Today I saw the following picture of the B747-400 SuperTanker, which shows a black painted region below the cockpit windows.

B747-400 SuperTanker

I have also seen vintage pictures of other aircraft that also had this black painted region.

What is the purpose of the black paint? Is it for decorative purposes?


3 Answers 3


It reduces glare (specular reflection).

Football players paint black stripes under their eyes for the same reason.

enter image description here

The legend for the paint scheme is excerpted in the inset, upper right. Item #33 "Antiglare areas shall be painted aircraft black."

If you read this technical manual, which is publicly available, it describes in the body of the text the use of anti-glare paint.

  • 3
    $\begingroup$ Note - you use the term "specular reflection" which relates to the surface texture. The color provides low Lambertian reflectivity. The coating has to have both properties - be matte (for specular) and black (for Lambertian) reflection in order to minimize the glare. Such glare tends to combine with small surface imperfections in the window (from erosion) to lead to haze - which in turn limits the contrast of the view through the window (even if you can't directly "see" the region in front of the window from the pilot's seat). $\endgroup$
    – Floris
    Jan 29, 2017 at 15:47

The 747-400 in the question is rather new in the fleet. It was converted and painted for this role around Jan 2016.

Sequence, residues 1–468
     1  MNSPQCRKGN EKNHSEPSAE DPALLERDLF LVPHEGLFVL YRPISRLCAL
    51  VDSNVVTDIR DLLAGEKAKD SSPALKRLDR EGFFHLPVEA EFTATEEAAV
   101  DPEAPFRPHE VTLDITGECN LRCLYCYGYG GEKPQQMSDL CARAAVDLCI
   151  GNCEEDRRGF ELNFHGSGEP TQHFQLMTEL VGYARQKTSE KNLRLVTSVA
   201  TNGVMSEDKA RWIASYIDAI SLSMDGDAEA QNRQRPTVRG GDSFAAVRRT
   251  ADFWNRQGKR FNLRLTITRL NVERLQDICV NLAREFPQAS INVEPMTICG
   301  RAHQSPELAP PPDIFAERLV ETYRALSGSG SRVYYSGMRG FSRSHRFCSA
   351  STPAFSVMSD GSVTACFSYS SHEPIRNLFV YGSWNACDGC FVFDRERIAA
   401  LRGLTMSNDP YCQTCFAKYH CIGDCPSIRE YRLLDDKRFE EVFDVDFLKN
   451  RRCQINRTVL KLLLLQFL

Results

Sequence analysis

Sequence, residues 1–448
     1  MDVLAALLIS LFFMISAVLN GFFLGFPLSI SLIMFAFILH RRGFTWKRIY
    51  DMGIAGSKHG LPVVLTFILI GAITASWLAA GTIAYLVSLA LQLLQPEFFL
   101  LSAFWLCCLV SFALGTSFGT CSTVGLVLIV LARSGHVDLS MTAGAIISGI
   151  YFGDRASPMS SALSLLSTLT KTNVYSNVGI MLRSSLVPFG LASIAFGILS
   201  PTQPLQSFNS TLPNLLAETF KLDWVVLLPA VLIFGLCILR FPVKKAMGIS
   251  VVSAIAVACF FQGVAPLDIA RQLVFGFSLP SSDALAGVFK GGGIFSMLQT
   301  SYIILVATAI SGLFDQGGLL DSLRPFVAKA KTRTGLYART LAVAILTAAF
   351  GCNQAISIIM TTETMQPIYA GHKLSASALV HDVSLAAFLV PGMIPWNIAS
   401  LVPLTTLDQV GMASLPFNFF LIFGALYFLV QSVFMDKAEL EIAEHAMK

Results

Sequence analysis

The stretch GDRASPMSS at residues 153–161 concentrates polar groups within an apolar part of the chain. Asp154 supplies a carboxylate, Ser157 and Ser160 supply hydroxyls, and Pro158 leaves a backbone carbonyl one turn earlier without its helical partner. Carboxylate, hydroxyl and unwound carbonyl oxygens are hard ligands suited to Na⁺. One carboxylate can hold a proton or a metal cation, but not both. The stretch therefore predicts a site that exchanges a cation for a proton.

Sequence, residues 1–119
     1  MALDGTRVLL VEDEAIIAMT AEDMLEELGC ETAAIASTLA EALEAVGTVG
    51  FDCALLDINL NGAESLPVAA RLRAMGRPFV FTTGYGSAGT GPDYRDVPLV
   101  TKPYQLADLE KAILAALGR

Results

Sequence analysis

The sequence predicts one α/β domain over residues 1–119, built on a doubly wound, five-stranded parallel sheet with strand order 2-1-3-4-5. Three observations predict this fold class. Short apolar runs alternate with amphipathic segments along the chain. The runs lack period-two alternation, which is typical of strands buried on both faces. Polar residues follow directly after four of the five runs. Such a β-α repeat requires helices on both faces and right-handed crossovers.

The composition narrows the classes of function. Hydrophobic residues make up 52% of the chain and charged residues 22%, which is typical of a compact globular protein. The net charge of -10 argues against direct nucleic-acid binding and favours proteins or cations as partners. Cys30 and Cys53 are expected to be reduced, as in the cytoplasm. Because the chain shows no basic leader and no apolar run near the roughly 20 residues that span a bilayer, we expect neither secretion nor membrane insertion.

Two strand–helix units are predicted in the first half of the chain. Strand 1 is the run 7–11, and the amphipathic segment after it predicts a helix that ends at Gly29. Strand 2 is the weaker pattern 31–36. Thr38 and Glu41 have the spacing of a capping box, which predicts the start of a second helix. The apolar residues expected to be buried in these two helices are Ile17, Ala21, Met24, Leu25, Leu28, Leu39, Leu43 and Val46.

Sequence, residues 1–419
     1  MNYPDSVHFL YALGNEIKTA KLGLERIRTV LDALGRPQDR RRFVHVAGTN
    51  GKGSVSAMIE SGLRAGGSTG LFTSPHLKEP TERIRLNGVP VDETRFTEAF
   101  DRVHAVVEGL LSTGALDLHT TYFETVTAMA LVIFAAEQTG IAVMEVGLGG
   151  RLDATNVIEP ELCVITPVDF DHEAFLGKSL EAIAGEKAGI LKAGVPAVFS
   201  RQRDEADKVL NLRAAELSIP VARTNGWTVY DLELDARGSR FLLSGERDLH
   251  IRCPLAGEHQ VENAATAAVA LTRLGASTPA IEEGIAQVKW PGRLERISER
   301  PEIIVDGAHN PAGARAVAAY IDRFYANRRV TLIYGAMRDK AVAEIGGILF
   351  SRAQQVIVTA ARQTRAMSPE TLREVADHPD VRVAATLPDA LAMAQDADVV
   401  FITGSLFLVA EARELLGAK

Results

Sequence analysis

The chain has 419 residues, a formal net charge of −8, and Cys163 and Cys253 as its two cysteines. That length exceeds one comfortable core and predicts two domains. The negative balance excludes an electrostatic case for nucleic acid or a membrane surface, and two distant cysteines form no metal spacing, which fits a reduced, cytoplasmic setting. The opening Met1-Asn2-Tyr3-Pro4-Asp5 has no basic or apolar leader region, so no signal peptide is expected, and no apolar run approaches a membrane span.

The choice is aesthetic because anti-glare paint is nowadays available in all colors, compared to 3 or 4 decades past. So if the tech is there to paint it white, but they've deliberately settled for a retro theme, then it is no longer a matter of function.

My point is, if the 747 in question lacked a black area, that would not mean it lacks anti-glare.

Also related regarding vintage liveries: Why did most airliners have black noses in the 60's and 70's?

  • $\begingroup$ Since we have good reason to believe that the black paint used on the 747 in question is indeed for the function of anti-glare—even though other color choices might be an option—I don't think it follows that the choice is merely aesthetic. Contributing factors to the choice may well have included function, tradition, fleet consistency, paint in stock, and materials cost. I think the best answer to this question is that the purpose or function is anti-glare. However, it is also worth pointing out—as you have done—that aesthetics may have played a role in the decision making process. $\endgroup$
    – J W
    Jan 29, 2017 at 15:33

I was an air force pilot and instructor. I flew the same aircraft in the training role and also operationally. In the training role it had the blacked out nose but operationally it didn't.

When we were training, it was supposedly easier to visually set and hold attitudes when flying towards the sun, less glare and more contrast.

However I never found it to make any difference. Here are two of the aircraft I flew.

Pilatus PC9 from the RAAF 2nd Flight Training School Pilatus PC9 In the Forwad Air Combat Role


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